HP Intros New Intel Itanium-based Servers Even As Intel Works To Combine Itanium, Xeon Platforms6:22 PM EST Mon. Nov. 12, 2012
Hewlett-Packard revamped its mission-critical enterprise portfolio with the introduction of new Integrity rack mount and blade servers and Superdome blade servers based on Intel's new "Poulson" Itanium Processor 9500 chip.
Intel, meanwhile, said that its Itanium 9500 processors going forward will include what it termed a "Modular Development Module" starting with its next version, code-named "Kittson," that will allow a single motherboard to be configured with either an Xeon or Itanium processor.
The new HP Itanium-based servers include a two-socket, 2U Integrity RX2800 i4 rack mount server; three new Integrity blade servers; and the new CB900s i4 HP Superdome 2 server blade, said Lorraine Bartlett, vice president of worldwide marketing and strategy for business critical servers at HP.
"With the new servers, customers can get up to a 33-percent TCO [total-cost-of-ownership] savings from reduced power and cooling and increased uptime over previous models," Bartlett said. "We've also increased the performance with the new processors, new memory bandwidth and changes in HP-UX."
Kirk Bresniker, vice president and chief technologist for business critical systems at HP and an HP Fellow, said the new blade servers fit side by side with existing ProLiant and Integrity blades in HP's existing C7000 and Superdome enclosures.
The new Intel Itanium 9500 processor-based servers all take advantage of HP-UX 11iv3, an enhanced version of HP's Unix operating system that was released in September, Bresniker said.
HP-UX 11iv3 includes faster-performance security; new analysis tools to identify idle, under-utilized, and over-utilized, servers; and double the number of cores per server that can be used to support an HP-UX workload to 256 cores.
Bartlett said HP Integrity and Superdome servers based on the previous Intel Itanium 9300 "Tukwila" processors will be available for at least 12 to 24 months after the release of the Intel Itanium 9500 processors, depending on the model.
Looking forward, Bartlett said that HP is staying focused on developing its next generation of Integrity and Superdome servers based on the upcoming Kittson processor despite issues related to its lawsuits with Oracle.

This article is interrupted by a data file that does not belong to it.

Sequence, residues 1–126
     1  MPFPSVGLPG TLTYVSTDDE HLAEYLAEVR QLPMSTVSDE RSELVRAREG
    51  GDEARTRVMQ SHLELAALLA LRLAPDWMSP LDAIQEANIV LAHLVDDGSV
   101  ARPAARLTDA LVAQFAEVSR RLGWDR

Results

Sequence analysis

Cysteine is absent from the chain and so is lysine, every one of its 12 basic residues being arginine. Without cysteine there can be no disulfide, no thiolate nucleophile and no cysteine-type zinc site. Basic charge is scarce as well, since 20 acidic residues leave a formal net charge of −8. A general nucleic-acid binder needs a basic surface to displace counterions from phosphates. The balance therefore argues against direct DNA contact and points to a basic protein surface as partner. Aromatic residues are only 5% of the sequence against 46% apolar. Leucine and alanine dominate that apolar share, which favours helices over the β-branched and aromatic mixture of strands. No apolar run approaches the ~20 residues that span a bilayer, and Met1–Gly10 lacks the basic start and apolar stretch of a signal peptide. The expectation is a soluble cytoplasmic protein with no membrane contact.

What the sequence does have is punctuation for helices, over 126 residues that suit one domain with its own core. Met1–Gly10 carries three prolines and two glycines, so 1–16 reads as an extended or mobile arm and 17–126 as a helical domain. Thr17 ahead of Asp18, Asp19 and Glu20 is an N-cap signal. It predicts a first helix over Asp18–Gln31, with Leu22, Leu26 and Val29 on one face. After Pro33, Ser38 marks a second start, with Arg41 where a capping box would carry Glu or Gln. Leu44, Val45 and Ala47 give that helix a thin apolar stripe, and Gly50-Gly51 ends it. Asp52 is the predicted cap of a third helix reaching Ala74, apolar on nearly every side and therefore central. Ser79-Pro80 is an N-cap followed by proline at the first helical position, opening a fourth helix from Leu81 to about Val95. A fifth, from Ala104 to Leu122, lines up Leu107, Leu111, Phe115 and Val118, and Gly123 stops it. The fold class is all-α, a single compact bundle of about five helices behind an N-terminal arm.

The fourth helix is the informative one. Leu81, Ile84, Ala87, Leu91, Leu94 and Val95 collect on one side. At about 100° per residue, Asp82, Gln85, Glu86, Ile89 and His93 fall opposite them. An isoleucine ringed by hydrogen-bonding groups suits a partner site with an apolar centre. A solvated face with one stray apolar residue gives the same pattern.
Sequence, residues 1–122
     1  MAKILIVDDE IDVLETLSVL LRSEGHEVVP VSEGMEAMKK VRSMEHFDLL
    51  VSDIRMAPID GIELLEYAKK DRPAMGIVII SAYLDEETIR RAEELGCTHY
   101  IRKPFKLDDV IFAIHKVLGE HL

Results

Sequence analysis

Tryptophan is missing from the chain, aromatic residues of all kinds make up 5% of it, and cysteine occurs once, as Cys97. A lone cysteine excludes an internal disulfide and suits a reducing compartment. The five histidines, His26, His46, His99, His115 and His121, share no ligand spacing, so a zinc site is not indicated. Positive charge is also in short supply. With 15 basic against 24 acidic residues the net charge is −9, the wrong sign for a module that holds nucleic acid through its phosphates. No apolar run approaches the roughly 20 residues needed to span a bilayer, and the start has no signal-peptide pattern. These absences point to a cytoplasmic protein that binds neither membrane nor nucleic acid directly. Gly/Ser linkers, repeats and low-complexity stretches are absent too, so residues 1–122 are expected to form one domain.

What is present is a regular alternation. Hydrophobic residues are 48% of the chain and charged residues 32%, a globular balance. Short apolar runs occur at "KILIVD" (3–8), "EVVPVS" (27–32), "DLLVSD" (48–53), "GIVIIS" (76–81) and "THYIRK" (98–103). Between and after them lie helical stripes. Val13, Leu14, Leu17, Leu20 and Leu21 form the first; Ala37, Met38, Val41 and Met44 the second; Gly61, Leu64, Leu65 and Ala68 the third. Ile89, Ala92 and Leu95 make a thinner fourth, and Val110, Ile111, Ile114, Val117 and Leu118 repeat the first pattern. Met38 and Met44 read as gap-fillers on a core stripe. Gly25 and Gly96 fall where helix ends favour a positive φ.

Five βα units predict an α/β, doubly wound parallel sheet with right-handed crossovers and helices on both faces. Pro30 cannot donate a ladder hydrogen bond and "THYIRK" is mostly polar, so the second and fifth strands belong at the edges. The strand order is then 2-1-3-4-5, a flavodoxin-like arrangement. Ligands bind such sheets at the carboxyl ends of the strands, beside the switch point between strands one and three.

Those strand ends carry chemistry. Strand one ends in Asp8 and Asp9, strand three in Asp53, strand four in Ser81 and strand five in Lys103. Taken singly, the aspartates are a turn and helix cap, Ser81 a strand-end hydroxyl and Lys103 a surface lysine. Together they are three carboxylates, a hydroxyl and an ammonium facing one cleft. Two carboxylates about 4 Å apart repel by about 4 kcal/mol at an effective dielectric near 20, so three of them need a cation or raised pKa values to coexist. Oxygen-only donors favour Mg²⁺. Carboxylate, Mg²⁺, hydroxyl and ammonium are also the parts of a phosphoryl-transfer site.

Doubts about the future of the HP Itanium server platform have run strong in the wake of a series of lawsuits between HP and Oracle over Oracle's decision to stop developing its software for those servers.
NEXT: The Future Of Intel Itanium-based Servers
HP and Oracle's lawsuits culminated in the August decision by a California superior court judge who ruled that Oracle is obligated to continue developing its software for the HP Itanium-based servers as long as HP continues to manufacture the servers.
Oracle in September said it will comply with the Court's order to continue developing its software for those servers.
"Oracle is continuing software development," HP's Bartlett said. "That's good news for us."
Intel and HP both seem determined to work towards bringing their Xeon x86 and Itanium platforms closer together.
HP late last year unveiled Project Odyssey, a mission-critical server strategy calling for the integration of x86 server blades into its Integrity Superdome 2 Itanium-based servers and the porting of HP-UX Unix features to Windows and Linux.
Intel, in introducing its new Itanium 9500 processors, said it is continuing to follow its common platform strategy that lets its Itanium and Xeon processors use common chipsets, interconnects and memory.
This strategy, introduced in 2010, brings the reliability, availability and serviceability features of the Itanium processors with the volume production of the Xeon processors into a common platform, the company said.
As a first step, Intel plans to offer a "Modular Development Model" with the introduction of its Kittson processors that will enable the sharing of silicon-level design elements and socket compatibility between the two processor families, thereby enabling the development of a single motherboard platform that will work with both, the company said.
HP is by far the biggest user of Intel Itanium processors.
PUBLISHED NOV. 12, 2012